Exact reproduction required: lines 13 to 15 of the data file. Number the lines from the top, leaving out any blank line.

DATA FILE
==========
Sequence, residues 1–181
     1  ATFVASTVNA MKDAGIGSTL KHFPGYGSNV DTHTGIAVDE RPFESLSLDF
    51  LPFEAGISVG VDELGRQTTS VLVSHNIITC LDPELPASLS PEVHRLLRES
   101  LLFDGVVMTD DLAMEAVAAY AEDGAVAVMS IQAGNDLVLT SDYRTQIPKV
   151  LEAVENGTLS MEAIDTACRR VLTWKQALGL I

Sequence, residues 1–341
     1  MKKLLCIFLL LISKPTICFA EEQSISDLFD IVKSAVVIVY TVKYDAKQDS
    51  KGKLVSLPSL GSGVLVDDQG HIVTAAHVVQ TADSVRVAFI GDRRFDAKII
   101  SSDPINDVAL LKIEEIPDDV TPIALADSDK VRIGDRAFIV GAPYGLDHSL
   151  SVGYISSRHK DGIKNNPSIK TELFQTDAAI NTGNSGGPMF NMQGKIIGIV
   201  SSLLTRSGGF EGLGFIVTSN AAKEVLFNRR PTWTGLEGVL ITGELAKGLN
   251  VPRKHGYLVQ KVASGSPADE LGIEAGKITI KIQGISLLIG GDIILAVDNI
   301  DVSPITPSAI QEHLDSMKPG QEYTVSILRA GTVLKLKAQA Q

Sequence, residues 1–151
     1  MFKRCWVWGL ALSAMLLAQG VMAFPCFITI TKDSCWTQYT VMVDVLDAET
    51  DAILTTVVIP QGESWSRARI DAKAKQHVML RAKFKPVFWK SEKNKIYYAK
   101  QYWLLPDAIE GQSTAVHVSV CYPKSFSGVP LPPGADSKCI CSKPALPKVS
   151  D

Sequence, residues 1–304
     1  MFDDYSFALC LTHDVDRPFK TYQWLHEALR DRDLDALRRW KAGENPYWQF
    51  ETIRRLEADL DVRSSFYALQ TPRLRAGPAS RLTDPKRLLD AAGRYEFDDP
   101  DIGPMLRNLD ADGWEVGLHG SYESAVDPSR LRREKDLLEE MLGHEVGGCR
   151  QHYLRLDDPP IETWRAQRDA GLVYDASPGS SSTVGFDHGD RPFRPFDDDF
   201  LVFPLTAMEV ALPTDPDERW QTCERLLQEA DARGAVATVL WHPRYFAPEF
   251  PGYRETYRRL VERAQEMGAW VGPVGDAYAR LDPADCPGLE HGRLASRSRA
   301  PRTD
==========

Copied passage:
   301  DVSPITPSAI QEHLDSMKPG QEYTVSILRA GTVLKLKAQA Q

Sequence, residues 1–151
     1  MFKRCWVWGL ALSAMLLAQG VMAFPCFITI TKDSCWTQYT VMVDVLDAET